Credit  >  Scams 
Most Common Financial Scams (continued)

Employment Scams -- All of the major employment websites and other popular websites where people can post job openings are full of bogus job ads submitted by thieves who are trying to lure victims in to giving them their personal information, particularly their social security numbers so that they can use that information to commit identity theft and tax fraud by filing a false tax return. Some of the thieves just want you to hand over your credit card information so they can bill you month after month for some nonsense service. The operators of employment websites do a very poor job prescreening those who post job openings at their websites, so do not assume that a job is legitimate just because it is posted at monster.com or some other big employment website. One should assume that if you respond to one of these ads and are immediately hired with no questions asked, it is probably an attempt to get your social security number and date of birth, which they will insist must be provided to them immediately if you want the job.   Also, stay away from jobs that require you to pay a fee to get the job.  They should be paying you to work for them!

Some thieves are so brazen they actually approach people at coffee shops, libraries, universities, etc. claiming to be recruiters from well-known companies.  They will hand out employment applications that will ask for social security numbers.  Once a thief has your social security number he can file false tax returns in your name and might also be able to obtain loans and credit in your name as well.  An employer isn't supposed to ask your age (unless required to by law) and has no need to know your bank and credit card information.

Watch out for job offers that claim you can earn money from working at home as a medical biller or claims processor, stuffing envelopes or reshipper.  Thieves use reshippers to obtain merchandise they have purchased with stolen credit cards.

Medical Device Scam -- Thieves use robocalls to target elderly people who are told that they are very likely to die all alone from a fall and they need to "press 1" to have a free medical alert device sent to them immediately.  When the person presses 1, a live operator answers and tries to convince them that they need to sign up for expensive medical alert monitoring services so that, if they ever fall at home alone, they can alert the authorities.  Some thieves even use the names of reputable companies.  They might tell the victim that they are calling on behalf of a doctor or Medicare.  They con the victim into giving up credit card or bank account information and clean out their accounts.  Another version of this scam is the free scooter or power wheelchair advertisements where they claim that the government will pay for the scooter.  Actually, the government will not pay for a scooter or wheelchair unless it is medically necessary.  Unscrupulous companies might be more interested in getting you to give them your Medicare number and medical records so that they can fraudulently bill the government for fraudulent healthcare costs.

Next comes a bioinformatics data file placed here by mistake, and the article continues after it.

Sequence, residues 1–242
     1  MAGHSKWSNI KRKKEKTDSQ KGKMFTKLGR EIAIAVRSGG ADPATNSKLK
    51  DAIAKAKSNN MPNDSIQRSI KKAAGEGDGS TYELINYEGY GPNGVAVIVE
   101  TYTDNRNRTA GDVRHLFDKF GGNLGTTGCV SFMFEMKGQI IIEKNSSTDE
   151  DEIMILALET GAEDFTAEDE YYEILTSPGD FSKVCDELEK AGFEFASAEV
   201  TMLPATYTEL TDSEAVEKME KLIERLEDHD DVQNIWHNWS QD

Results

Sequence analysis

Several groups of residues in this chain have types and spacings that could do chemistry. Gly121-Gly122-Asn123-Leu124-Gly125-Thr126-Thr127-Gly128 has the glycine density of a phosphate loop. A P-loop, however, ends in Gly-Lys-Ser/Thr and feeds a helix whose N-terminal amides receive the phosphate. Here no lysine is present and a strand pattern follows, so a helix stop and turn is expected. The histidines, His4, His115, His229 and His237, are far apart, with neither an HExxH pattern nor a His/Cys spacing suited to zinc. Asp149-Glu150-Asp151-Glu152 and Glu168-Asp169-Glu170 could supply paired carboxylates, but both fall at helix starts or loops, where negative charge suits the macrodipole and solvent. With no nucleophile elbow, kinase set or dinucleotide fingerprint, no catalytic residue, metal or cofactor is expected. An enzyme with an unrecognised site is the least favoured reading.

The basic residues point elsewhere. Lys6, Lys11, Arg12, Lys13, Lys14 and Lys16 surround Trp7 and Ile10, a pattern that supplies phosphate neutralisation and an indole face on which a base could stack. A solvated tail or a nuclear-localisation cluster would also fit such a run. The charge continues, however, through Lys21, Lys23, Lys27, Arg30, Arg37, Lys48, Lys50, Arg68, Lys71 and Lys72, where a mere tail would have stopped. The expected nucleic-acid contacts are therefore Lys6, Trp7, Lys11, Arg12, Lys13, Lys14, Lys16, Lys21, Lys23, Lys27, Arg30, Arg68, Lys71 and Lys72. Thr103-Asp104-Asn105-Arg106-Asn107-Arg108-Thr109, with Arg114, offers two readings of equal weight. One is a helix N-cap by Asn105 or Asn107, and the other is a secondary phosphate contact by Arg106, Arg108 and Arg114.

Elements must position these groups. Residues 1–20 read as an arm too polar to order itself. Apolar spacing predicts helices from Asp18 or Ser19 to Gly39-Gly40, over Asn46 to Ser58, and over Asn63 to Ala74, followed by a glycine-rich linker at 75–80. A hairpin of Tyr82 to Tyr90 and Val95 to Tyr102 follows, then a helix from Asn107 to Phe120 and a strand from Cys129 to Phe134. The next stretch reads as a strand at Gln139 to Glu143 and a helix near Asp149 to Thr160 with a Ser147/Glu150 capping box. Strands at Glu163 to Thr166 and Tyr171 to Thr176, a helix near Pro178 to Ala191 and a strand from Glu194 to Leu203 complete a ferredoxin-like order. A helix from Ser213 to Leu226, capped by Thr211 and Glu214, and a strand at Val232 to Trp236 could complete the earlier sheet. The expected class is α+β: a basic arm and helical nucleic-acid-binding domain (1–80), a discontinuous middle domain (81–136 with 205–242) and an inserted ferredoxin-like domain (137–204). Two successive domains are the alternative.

Robocalls -- A very recent robocall involved asking if you wanted a lower credit card rate to press 1.  If you did, you would be asked for personal information and to pay a fee of sometimes as much as $3000 for a credit card or lower interest rate.  Millions of these calls were sent out before the Federal Trade Commission finally stopped the companies behind them.  Other robocalls might tell you you've won a free gift card or some other prize.  The real purpose is to get you to surrender personal information, particularly your credit card or debit card information so they can clean you out.  Almost all prerecorded telemarketing calls have been illegal since 2009.  Only political parties and charities are allowed to use them.  It is a good idea to just hang up on all of them, after all, they know you don't want to receive them and there is a very good chance they are being initiated by thieves and scammers.  If you respond to a robocall in anyway, such as asking them to stop texting you or opting out of future calls, you are only telling them that they have a valid phone number and they will call you again and again or sell your number to third parties.  Instead, take the measures outlined in our Scams - Fighting Back section or Identity Theft section. 

Social Security Scam -- The social security scam is yet another scam targeting the elderly.  Thieves contact retired individuals usually by mail or telephone and tell them that they are employees with the Social Security Administration and trick them in to giving out personal information which the thieves then use to reroute social security checks to another account.  If you receive a phone call or any type of written correspondence purporting to come from the Social Security Administration, you can contact them directly at 800-722-1213 to verify its accuracy.

Christmas Scams  -- Knowing that millions of people shop online during the holiday season, thieves create bogus websites that offer popular products and lure people in with great discounts.  When a victim clicks on a website, malware might be downloaded, or the thieves might just want to steal your debit card and credit card information.  Some of these websites will have names that closely resemble well-known retailers.  Always carefully read the website address in the URL and if ordering online, the page should begin with "https" instead of "http".


End of List of Scams.  Return to Beginning of Scams Section
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